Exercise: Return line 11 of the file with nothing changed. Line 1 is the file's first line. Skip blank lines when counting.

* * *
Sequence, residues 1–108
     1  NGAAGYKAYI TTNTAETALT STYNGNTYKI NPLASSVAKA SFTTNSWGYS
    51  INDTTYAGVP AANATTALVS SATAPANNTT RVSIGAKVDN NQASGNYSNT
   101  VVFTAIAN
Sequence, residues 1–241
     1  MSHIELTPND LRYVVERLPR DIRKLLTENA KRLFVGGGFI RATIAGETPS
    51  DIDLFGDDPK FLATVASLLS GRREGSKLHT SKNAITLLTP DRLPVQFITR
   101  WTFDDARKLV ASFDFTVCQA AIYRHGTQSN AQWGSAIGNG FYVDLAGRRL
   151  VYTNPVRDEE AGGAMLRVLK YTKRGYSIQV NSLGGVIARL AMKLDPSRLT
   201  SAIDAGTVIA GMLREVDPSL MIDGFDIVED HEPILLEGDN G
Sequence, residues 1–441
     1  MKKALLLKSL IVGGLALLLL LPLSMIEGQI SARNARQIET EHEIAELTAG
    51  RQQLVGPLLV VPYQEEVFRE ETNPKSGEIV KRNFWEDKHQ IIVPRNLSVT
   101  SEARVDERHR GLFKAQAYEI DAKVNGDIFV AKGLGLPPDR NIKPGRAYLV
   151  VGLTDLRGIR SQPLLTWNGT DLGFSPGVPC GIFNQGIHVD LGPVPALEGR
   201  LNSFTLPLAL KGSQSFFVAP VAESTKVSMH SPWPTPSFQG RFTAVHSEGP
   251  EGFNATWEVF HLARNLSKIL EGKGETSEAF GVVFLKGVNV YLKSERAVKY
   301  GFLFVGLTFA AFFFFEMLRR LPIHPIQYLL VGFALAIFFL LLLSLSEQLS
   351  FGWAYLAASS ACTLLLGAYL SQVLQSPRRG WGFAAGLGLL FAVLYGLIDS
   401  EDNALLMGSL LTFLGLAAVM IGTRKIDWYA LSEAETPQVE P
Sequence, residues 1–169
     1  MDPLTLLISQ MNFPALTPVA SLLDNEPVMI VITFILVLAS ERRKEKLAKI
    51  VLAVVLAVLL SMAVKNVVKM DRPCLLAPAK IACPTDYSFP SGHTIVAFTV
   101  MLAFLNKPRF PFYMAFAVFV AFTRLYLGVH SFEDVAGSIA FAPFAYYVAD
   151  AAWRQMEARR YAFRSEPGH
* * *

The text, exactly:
Sequence, residues 1–441